Resources abound for amateur foragers. Vibber recommends “Southwest Foraging: 117 Wild and Flavorful Edibles from Barrel Cactus to Wild Oregano” by John Slattery (Timber Press). It covers several types of flora with photos and information on how to identify each plant and areas of caution. 

“Slattery’s book is a straightforward approach,” says Vibber, who provides the book to his chefs. “He tells readers when and where to gather, how to utilize these foods and preservation techniques. It’s a beautiful entry to the foraging world.”

Wild foods enthusiast Peggy Sue Sorenson, who runs the Desert Kitchen Facebook page, which highlights classes, recipes and resources for using foraged ingredients, will be conducting free classes for beginners at the Open Air Market at Phoenix Public Market at 9 a.m. on September 28 and the main branch of the Mesa Public Library on November 4 from 6-7:30 p.m. “These classes provide an opportunity to see, feel and taste some wild foods that you might encounter and can help you identify them,” she says.

Although reading and classes are helpful, experts agree that hands-on experience is invaluable. Slattery has some advice for getting started. “Going for a walk, engaging with your full senses and forgetting what you think you know is the best sort of research a forager can do,” he says. “Seek out experienced professionals in your area who have put in the time and effort to listen and learn about some of the wild plants around us.”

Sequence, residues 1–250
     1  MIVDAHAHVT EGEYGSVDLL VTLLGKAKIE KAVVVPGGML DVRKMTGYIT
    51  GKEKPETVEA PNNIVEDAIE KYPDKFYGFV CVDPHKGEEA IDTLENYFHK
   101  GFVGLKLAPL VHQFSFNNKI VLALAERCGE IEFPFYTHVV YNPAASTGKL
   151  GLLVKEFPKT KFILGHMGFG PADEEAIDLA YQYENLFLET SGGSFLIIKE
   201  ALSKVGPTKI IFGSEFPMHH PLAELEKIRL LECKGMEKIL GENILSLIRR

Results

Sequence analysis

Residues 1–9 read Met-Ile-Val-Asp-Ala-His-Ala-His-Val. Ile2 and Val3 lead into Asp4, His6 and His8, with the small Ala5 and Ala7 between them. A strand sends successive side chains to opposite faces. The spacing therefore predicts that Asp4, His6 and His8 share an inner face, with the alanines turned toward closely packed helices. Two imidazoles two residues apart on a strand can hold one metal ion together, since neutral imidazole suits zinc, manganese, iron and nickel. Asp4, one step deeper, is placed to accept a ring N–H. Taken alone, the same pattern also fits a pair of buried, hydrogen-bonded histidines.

Expert foragers share advice for beginners:
  • For your first foray go accompanied by a foraging expert. The Facebook pages for Desert Kitchen and Cactus Kelly provide information on local events and plant walks.
  • Wear a hat, sunscreen, sunglasses, leather work gloves and sturdy boots.
  • On your excursion to collect wild foods, bring canvas bags, buckets, a sharp knife, sharpened pruner, folding saw and folding shovel, and use a book or app and a loupe for close-up detail to help identify plants.
  • Stay hydrated.
  • Be aware of your surroundings, including other people and wildlife, as well as potential dangers such as rattlesnakes and beehives.
  • Be cautious about collecting in areas such as neighborhoods that may be treated with pesticides or herbicides.
  • Before cooking or consuming, wash your wild food finds and be aware that certain foods, such as fiddlehead ferns and acorns need to be cooked before eating.
  • Prior to ingesting anything, confirm its identity from more than one source, comparing your find to plant identification guides in books, websites or apps.
  • Try very small amounts of any foods that are new to you in case you have an allergic reaction such as itching, rash, watery eyes or scratchy throat.
  • Harvest sustainably—leave enough for the wildlife and for the plant to reseed itself.
  • Some wild foods such as mushrooms require in-depth knowledge. Start with those that are simple and abundant here in the Valley, such as barrel cactus and prickly pear, but watch out for the barbs!
  • There are a variety of foraged food recipes that can be found online and in the foraging groups on Facebook.